With only about two weeks left before schools open, Baltimore County school officials are holding a job fair today to find educators for some hard-to-fill specialties.
The school system needs about 50 additional teachers for the fall, particularly in math and special education, said Donald A. Peccia, assistant superintendent for human resources and governmental relations.
So far, officials have already hired more than 800 instructors for the fall to fill vacancies among the school system's 8,800 teaching positions.
"We're just looking for a few more people," Peccia said.
Qualified high school math teachers and special education teachers for all grade levels have been invited to the county school system's first Back to School Job Fair.
Finding teachers for world languages might soon become a challenge, too. "There's not an abundance of candidates," Peccia said.
The new school year's first work day for teachers is Aug. 21, with students starting Aug. 28.
More than 600 teachers will not be returning because they resigned, and 181 retired. A few more also might decide not to return before the school year begins, he said.
"We still are having an issue about not being able to keep teachers here," said Cheryl Bost, the president of the Teachers Association of Baltimore County.
Salary and workload are key, she added. "We have a high demand for data in this county," Bost said.
The burden is heaviest on special education teachers, she said, who must follow extensive federal, state and local requirements and document actions - sometimes in triplicate.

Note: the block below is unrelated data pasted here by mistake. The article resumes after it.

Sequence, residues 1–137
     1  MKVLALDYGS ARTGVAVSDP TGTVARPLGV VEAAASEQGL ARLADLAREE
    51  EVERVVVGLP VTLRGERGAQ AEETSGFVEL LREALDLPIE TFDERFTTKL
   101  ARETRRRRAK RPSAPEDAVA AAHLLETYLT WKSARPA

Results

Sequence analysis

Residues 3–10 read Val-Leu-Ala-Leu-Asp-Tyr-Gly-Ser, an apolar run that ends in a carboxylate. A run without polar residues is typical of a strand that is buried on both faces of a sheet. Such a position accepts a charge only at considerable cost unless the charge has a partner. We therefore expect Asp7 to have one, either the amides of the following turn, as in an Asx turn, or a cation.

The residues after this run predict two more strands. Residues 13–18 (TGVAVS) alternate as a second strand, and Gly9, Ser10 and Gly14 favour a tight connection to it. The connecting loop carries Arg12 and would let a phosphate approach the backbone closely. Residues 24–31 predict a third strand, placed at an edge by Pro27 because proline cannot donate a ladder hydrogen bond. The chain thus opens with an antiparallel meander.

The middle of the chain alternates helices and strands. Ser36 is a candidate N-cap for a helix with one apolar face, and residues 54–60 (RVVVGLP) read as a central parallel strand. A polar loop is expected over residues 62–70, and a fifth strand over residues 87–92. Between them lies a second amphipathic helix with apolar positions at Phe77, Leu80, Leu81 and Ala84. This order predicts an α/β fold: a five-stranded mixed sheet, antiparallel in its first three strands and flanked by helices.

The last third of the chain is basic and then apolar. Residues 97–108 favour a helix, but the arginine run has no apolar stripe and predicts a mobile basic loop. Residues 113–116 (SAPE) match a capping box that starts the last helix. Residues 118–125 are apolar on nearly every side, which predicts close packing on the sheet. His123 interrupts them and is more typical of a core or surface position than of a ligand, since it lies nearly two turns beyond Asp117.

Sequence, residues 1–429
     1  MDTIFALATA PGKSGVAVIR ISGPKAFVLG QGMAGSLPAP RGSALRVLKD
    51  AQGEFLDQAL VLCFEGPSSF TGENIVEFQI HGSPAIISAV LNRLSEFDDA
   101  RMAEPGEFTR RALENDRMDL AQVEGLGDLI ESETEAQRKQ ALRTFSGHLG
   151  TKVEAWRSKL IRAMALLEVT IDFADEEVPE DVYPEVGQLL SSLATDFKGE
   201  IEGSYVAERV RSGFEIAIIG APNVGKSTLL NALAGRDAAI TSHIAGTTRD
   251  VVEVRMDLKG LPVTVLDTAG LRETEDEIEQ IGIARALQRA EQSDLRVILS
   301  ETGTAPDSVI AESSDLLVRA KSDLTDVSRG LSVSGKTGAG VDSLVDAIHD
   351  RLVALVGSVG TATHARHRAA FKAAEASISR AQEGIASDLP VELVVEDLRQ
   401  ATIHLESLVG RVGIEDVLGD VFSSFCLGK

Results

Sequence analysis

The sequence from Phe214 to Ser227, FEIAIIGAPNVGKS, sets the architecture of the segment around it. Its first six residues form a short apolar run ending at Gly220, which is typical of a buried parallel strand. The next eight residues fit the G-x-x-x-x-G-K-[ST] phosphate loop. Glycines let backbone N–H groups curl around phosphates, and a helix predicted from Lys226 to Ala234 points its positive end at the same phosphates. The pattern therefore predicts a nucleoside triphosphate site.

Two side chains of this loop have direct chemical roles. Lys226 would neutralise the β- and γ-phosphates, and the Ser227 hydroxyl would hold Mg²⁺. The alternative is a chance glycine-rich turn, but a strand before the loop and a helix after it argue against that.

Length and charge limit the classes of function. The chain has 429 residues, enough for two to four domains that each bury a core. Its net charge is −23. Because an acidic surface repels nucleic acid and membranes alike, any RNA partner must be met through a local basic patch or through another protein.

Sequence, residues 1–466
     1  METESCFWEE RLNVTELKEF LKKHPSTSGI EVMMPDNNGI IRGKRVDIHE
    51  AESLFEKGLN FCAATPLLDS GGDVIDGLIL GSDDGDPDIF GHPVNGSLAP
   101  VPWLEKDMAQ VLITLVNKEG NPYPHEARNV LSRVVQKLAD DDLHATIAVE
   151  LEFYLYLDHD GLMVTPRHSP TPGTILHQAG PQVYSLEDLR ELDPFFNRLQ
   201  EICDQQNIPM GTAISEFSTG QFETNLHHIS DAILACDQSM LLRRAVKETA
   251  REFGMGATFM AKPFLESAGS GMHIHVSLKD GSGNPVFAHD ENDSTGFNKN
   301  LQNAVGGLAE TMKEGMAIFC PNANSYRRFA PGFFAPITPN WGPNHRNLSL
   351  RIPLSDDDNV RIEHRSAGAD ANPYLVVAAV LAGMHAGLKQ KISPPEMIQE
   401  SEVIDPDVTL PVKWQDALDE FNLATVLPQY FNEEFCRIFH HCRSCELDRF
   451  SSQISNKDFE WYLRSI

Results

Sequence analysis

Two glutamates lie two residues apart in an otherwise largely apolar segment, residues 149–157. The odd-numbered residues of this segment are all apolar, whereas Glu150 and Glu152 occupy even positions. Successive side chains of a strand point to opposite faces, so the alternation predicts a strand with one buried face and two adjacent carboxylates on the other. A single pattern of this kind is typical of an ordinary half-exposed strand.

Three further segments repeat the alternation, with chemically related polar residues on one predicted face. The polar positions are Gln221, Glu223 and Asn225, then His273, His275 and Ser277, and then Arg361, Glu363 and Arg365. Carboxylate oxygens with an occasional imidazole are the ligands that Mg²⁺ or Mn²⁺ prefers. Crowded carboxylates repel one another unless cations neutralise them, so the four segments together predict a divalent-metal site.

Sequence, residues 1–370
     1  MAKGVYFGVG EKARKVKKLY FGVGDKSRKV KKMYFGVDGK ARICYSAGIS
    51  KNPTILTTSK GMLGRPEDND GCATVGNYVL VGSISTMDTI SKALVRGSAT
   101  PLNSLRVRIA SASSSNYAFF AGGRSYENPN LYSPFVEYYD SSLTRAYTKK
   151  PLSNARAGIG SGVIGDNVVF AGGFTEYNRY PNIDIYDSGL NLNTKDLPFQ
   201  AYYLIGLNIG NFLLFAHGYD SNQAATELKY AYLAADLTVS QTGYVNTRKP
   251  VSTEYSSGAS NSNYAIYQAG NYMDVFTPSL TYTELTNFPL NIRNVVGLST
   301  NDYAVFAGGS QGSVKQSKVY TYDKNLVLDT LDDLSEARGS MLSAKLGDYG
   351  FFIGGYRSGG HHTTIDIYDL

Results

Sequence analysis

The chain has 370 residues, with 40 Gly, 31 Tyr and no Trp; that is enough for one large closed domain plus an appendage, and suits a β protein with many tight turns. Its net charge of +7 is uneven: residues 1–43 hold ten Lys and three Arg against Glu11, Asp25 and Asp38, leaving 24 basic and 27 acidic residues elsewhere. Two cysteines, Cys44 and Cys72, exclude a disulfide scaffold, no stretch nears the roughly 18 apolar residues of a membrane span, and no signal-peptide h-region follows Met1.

"It's dissecting every move that a child makes," she said.
Lower caseloads and assigning clerical assistants to help with the paperwork could make a big difference, Bost said.
The school system set aside $37,000 for personnel advertising and foreign recruitment in the operating budget for the fiscal year that started July 1.
Like last year, the school system sought science and special education teachers from the Philippines, Peccia said. Baltimore County sent two of its staffers to the country to work with a recruiter there, he said.
In 2005, county recruiters hired 16 Filipino teachers and six other Filipino teachers who were originally employed to teach in New Orleans but were displaced after Hurricane Katrina. Of those, two left Baltimore County because they were homesick and two others were terminated, Peccia said.
In the fall, nine more Filipino teachers will begin teaching science or special education classes, Peccia said.
County teacher recruiters also traveled to 53 destinations within the U.S., including central Michigan, western New York and through the "Buckeye Bonanza" - a tour of universities in Ohio, Peccia said.
He added that the school system had also made progress in recruiting minority candidates.
"We're looking first and foremost for good teachers," Peccia said. "We also recognize we want our teaching staff and administrative staff to be reflective of the wonderful diversity of Baltimore County."
The job fair will be held from 8 a.m. to 2 p.m. today in Room 114 in the ESS building of the Greenwood campus, 6901 Charles St., Towson. School system personnel will interview candidates and will be prepared to offer and sign job contracts. Certification specialists will be on hand to review transcripts.